While uttering hollow words of sympathy for the thousands of workers who have been impacted, the government has totally refused to uphold its social responsibility to BC workers. Instead, they have handed over billions to private enterprises in various pay-the-rich schemes and permitted and facilitated the anti-worker actions of the hotel employers which serve only their private interests, showing that the workers cannot rely on the cartel party system to defend their interests, and the need for renewal of the democracy and people's empowerment.

Hotel workers and others, including the teachers at International Language Schools Canada (ILSC)-Vancouver, are persisting in their fight for justice and recall rights, and in doing so are defending the rights and dignity of all workers. Workers' Forum calls on everyone to stand with them in their courageous fight.

It should be illegal for employers to fire workers and deprive them of the benefits and working conditions that they have achieved, just to satisfy the greedy anti-worker aims of their employers. The government must immediately act to amend the ESA to extend recall rights for all workers and make it a criminal offence to use the pandemic to attack workers' rights.


1. A Review of the Unionized Hotel Sector in Relation to the Impacts of COVID-19, Sandra I. Banister, Q.C., August 24, 2020.

Haut de page

More Actions in Support of BC Hotel Workers

The Hilton Metrotown Hotel in Burnaby has for many years been one of the main hotels in the Vancouver area used by BC unions for meetings and conferences and to accommodate out of town members in Vancouver for union activities. The hotel owners have fired dozens of workers who were laid off due to the pandemic. When the pandemic hit UNITE HERE Local 40 and the hotel owners were in negotiations for the renewal of the collective agreement. During the course of the past year the hotel owners have both refused to negotiate extended recall rights for the workers, and introduced new demands for concessions in bargaining, concessions that would reduce wages and benefits and undermine other working conditions previously negotiated.

On April 1, UNITE HERE issued a press release containing messages of support from the leaders of five BC unions representing over 200,000 workers which we are reprinting below:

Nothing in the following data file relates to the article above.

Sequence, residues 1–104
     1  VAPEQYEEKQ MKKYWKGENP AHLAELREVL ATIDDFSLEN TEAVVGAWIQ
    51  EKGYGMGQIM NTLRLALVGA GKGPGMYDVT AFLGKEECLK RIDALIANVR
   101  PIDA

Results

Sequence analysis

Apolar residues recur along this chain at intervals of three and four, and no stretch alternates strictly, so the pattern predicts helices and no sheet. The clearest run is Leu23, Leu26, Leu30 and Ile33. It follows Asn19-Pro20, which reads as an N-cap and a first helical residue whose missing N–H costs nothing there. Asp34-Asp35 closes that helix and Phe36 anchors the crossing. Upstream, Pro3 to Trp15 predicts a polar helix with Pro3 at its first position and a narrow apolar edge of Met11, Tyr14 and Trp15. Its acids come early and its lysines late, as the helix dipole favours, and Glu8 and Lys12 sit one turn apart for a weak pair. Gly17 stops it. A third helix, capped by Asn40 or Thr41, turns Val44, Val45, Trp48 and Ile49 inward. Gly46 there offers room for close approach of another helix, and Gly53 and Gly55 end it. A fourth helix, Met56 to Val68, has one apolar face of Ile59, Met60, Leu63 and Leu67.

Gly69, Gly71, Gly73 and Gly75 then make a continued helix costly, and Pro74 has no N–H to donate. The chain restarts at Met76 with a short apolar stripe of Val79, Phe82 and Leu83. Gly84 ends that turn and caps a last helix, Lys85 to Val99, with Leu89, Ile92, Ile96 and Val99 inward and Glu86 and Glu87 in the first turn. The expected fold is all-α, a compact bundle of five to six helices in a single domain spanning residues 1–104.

Teri Mooring, President, BC Teachers' Federation

"The BC Teachers' Federation and our 47,000 members stand in solidarity with UNITE HERE! Local 40 members. Consequently, we have decided to withdraw all Federation business from the Hilton Metrotown Hotel until workers, including those laid off during the COVID-19 pandemic, are guaranteed recall rights and have achieved a fairly negotiated collective agreement. We have no interest in doing business with a corporation that appears to be attempting to use the pandemic to blatantly disregard the rights of unionized employees, who are primarily women and people of colour. Our hope is that our collective action sends a strong message to the Hilton Metrotown."

Stephanie Smith, President, BC Government and
Service Employees' Union

"The BCGEU will refuse to book at the Hilton Metrotown as long as they use the pandemic as an excuse to eliminate the jobs of long-term staff, primarily women and persons of colour. On behalf of our more than 80,000 members, we stand shoulder to shoulder with hotel workers as they stand up to this attack on their livelihoods. We will direct all future bookings to hotels that commit to return workers to their jobs as tourism returns."

Betty Valenzuela, Financial Secretary, Hospital Employees' Union

"These are difficult times for workers and businesses in many parts of the economy -- and the impact on hotel workers has been particularly devastating. But things will get better, and we would have expected that the Hilton Metrotown would plan to return these workers to their jobs once business picks up. I'm disappointed to learn that this is not the case. We value our relationship with the Hilton Metrotown Hotel, but I want to be clear that we will withhold future bookings in the face of unjust treatment of these workers."

Lori Mayhew, Secretary-Treasurer, MoveUP

"This pandemic has reminded us how important it is to stick together. MoveUP is supporting the workers at the Hilton Metrotown who deserve to be treated with dignity and respect. If the Hilton Metrotown can't respect their workers and guarantee their rights to return to their jobs, then we will take our business elsewhere."

Jamey Mills, Regional Executive Vice-President of
Public Service Alliance of Canada-BC